We in the West have witnessed first hand the destructive power of “multiculturalism,” which undermines our understanding and knowledge of who we are and where are we going. Before you start screaming, I’m not talking about multi-ethnicity. There is a huge difference.
I am talking about a unique culture that belongs to a country, based on its past, its traditions and the things that make it great. This is what millions of Americans, not illegal immigrants, yearn for — a return to the culture that made America the most powerful nation in human history.
Many countries are grappling with similar cultural challenges. Take Kazakhstan, a young country in the heart of Eurasia. It’s only 26 years old. Secular, mostly Turkic and Sunni Muslim, it has a large Russian, Ukrainian, Korean, and other minorities living there in peace and increasing prosperity.
Vast parts of Kazakhstan’s nomadic culture and Turkic identity were destroyed during Soviet times, as even the language was “Russianized” with the Cyrillic alphabet becoming mandatory. One-third of its people was starved to death by communists in forced collectivization.
Today, President Nursultan Nazarbayev has instituted a cultural, or spiritual, awakening of Kazakhstan, returning the nation to its roots in order to help it succeed in the modern world of the future. It is a unique program that offers an alternative to the Western-style multiculturalism of “anything goes.”
Rukhani Zhangyru (Spiritual Revival) means to bring the nation back to its soul. In addition to political and economic reform, Kazakhstan recognizes the need for self-nation-building — within its own borders. This is the gist of the Spiritual Renewal program. This goes well with the notion of national “resilience,” which is currently broadly discussed in Europe. A country and a society are not just the military and the economic components, but much more: cohesiveness, culture, customs, education, etc.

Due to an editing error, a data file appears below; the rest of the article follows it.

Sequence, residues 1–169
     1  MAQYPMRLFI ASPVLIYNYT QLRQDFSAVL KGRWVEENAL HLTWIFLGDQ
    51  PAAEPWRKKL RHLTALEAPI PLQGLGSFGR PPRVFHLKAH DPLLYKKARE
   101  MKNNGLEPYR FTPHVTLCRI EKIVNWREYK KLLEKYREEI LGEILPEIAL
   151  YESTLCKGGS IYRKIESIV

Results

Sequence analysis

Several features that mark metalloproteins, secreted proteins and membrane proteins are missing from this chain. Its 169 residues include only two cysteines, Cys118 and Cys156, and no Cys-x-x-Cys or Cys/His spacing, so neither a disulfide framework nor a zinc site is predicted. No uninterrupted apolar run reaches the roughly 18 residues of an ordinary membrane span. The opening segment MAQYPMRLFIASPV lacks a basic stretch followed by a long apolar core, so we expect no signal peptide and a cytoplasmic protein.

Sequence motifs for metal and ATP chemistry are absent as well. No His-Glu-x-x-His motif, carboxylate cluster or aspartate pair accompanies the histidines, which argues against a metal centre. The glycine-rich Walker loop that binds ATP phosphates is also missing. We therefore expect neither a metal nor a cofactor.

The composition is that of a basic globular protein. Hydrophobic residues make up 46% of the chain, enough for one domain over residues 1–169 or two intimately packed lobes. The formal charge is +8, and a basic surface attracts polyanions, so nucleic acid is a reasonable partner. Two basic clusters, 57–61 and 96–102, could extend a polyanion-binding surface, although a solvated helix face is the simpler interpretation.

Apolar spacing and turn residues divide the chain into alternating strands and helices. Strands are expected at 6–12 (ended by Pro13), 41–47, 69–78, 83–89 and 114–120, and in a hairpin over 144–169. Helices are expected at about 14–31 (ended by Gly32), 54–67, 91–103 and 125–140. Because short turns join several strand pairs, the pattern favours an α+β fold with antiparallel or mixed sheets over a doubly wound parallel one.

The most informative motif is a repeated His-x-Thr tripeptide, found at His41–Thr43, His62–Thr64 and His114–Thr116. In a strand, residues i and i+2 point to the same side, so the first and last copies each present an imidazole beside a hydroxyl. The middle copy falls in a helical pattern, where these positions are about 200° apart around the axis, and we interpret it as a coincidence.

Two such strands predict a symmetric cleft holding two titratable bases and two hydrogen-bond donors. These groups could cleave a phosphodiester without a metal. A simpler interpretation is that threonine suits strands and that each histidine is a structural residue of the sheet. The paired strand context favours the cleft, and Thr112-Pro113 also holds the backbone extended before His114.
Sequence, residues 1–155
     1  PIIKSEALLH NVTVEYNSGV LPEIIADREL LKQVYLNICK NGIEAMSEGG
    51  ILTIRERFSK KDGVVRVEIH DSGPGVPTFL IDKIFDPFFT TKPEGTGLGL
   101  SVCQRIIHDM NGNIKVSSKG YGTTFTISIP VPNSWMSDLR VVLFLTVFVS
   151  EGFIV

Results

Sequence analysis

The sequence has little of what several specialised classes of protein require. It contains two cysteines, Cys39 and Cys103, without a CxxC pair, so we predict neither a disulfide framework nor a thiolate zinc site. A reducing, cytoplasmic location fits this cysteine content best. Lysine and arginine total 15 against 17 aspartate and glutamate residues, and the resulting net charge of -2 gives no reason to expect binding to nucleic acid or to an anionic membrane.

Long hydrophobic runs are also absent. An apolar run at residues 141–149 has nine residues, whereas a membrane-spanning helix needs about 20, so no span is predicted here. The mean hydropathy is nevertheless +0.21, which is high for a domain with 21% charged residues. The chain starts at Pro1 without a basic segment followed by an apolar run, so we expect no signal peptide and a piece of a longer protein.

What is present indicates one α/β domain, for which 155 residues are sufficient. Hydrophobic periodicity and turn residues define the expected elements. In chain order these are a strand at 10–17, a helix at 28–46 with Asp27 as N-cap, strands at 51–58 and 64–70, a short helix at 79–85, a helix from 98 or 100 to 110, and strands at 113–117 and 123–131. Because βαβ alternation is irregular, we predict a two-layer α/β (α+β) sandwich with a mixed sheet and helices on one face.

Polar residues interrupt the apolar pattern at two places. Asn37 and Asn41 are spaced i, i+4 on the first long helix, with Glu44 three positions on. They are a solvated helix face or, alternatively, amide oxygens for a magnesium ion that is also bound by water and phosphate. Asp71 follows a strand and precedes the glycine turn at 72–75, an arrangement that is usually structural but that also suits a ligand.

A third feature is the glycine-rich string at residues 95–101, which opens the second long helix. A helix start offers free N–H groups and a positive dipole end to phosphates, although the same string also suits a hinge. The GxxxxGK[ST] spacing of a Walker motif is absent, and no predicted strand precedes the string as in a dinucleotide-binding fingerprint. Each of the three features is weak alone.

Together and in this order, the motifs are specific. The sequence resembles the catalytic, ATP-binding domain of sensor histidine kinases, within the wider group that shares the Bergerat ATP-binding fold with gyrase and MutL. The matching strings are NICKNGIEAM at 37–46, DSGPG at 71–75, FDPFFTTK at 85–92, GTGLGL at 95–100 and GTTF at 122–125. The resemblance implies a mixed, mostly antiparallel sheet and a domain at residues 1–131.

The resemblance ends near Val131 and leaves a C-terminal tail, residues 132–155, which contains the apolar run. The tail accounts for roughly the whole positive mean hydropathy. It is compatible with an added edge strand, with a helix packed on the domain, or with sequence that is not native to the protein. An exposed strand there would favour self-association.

In essence, it is a reaction to the globalism foisted upon the world over the last few decades. Forcing other cultures on a people does not make them stronger. Quite the opposite, it destroys their ability to work as a team, to achieve a common goal, or even to achieve success.
In America, this means respect for the flag, knowledge of our history, pride in our achievements, and education on the values that have made America great.
For Kazakhstan, Gani Nygymetov, director of the Institute of Eurasian Integration, recently declared in a speech which was posted on the prime minister’s website, “… that today Kazakhstanis are witnessing the birth of a new stage in the history of Kazakhstan. Its uniqueness lies in the fact that the modernization process announced by the President is implemented simultaneously in three directions: modernization of the economy, constitutional reform, laying the foundations for large-scale political modernization, and modernization of public consciousness.”
A very important aspect of this agenda is the return of the Kazakh language to the Latin alphabet, which was used in the 1920s and 1930s, until Stalin banned it and forcibly transferred it to Cyrillic. The Latin alphabet will allow more compatibility with other Latin-writing Turkic languages: Uzbek, Azeri, and Turkish, and will ease the learning of English. Seventy percent of the world is using the Latin alphabet.
Another vital component of the spiritual renewal now incorporated into Kazkah schools is trilingual education (Kazakh, Russian and English) that pupils will start from first grade. The program will also make most significant global textbooks in the humanities available in their native language.
It also includes the recognition of history – expanding archeological sites, literature and folklore – that connects the past with the future.
In addition, the government has started the project “100 new faces of Kazakhstan,” which will highlight living stories of Kazakhstanis from different parts of the country, of different ages and backgrounds, which will serve as a model for the people. These hundred and more new faces will become the personification and portrait of modern Kazakhstan.
“All these projects are important and have a deep meaning, since modernization is a complex process. In turn, Ruhani Zhangyr” is a platform, which is to become the basis for a qualitative transformation of the whole country,” said Mr. Nygymetov.
As President Nazarbayev sees the end of his time leading the people of the country he founded, he is striving to leave the nation on a path to success for his successors to move the country forward into the 21st century. Ruhani Zhangyru – Spiritual Revival – is part of his attempt to do so.
Originally posted at The Washington Times